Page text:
Greensburg man pulls knife on estranged wife, police say
A Greensburg man who pulled a knife on his estranged wife and another man ended up in the Westmoreland County prison on $50,000 bail on Wednesday, city police said.
Colin Nicholas Kurincak, 35, was charged with two counts each of aggravated assault and terroristic threats in Greensburg District Judge James Albert's office.
Kurincak used the kitchen knife with a 6- or 7-inch blade to bang on the driver's window of a vehicle and demand that his wife's friend come out to fight Tuesday morning in the Autumn Brook Apartments parking lot, police said.
The two alleged victims were in the vehicle shortly after midnight and had locked the doors when they saw Kurincak in the parking lot, Patrolman Robert Shapiro said in court papers.
After the altercation, Kurincak went into an apartment, leaving the knife about 15 feet from the vehicle, police said.
Authorities reported seeing smudges on the driver's window.
Earlier, city police went to the apartment complex because Kurincak and his wife were arguing over divorcing, according to the criminal complaint.
After police arrived, the couple agreed to go their separate ways.
About 30 minutes later, Kurincak returned and began arguing with his wife. He threatened to cut up a mattress with a knife, authorities said.
He went downstairs, and the wife called her male friend to come and pick her up, police said. Kurincak then encountered the couple in the vehicle in the parking lot.
Bob Stiles is a staff writer for Trib Total Media. He can be reached at 724-836-6622 or email@example.com.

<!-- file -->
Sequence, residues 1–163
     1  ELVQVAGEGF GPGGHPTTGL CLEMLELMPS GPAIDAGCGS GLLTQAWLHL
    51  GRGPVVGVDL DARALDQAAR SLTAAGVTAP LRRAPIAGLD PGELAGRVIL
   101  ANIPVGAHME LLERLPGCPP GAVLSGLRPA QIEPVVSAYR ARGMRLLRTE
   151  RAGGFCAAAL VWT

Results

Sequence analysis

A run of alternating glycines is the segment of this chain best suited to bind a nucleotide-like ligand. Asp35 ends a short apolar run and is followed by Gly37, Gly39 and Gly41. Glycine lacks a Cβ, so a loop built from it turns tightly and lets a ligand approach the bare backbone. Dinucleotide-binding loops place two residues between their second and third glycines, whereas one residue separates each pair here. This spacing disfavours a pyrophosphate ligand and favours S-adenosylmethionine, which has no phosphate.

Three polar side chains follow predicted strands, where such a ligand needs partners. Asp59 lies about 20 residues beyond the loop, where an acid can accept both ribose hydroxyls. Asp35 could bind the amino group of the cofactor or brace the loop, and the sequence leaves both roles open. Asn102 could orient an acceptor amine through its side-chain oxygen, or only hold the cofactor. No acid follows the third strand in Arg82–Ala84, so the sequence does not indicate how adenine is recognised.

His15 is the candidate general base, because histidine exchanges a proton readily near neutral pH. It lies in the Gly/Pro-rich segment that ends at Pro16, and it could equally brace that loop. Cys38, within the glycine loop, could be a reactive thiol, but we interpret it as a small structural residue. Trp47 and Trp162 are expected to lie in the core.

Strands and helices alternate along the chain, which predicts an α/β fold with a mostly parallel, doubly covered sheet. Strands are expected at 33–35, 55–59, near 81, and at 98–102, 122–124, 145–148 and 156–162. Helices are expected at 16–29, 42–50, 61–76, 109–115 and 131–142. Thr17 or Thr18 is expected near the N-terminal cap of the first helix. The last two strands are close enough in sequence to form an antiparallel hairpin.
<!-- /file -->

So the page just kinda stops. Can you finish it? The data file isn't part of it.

Show commenting policy
TribLive commenting policy
You are solely responsible for your comments and by using TribLive.com you agree to our Terms of Service.
We moderate comments. Our goal is to provide substantive commentary for a general readership. By screening submissions, we provide a space where readers can share intelligent and informed commentary that enhances the quality of our news and information.
While most comments will be posted if they are on-topic and not abusive, moderating decisions are subjective. We will make them as carefully and consistently as we can. Because of the volume of reader comments, we cannot review individual moderation decisions with readers.
We value thoughtful comments representing a range of views that make their point quickly and politely. We make an effort to protect discussions from repeated comments either by the same reader or different readers.
We follow the same standards for taste as the daily newspaper. A few things we won't tolerate: personal attacks, obscenity, vulgarity, profanity (including expletives and letters followed by dashes), commercial promotion, impersonations, incoherence, proselytizing and SHOUTING. Don't include URLs to Web sites.
We do not edit comments. They are either approved or deleted. We reserve the right to edit a comment that is quoted or excerpted in an article. In this case, we may fix spelling and punctuation.
We welcome strong opinions and criticism of our work, but we don't want comments to become bogged down with discussions of our policies and we will moderate accordingly.
We appreciate it when readers and people quoted in articles or blog posts point out errors of fact or emphasis and will investigate all assertions. But these suggestions should be sent via e-mail. To avoid distracting other readers, we won't publish comments that suggest a correction. Instead, corrections will be made in a blog post or in an article.
- Acme man’s ephemeral sculptures appear to defy laws of physics
- Theft thwarted by employee at Wal-Mart
- Man taken to hospital after New Alexandria house burns
- A family’s flag flies again in Mt. Pleasant
- Motorcyclist killed after striking pole in Penn Township
- Defense for Irwin man charged in fatal wreck seeks expert to aid in his defense
- Online donors help Hempfield teen whose wallet was stolen
- Hempfield train crash search called off; no evidence found
- Travel restrictions to be lifted on Route 30 in Hempfield
- Youngwood veteran officially joins the Class of 1945
- Cerilli’s primary success in Westmoreland attributed to busy campaign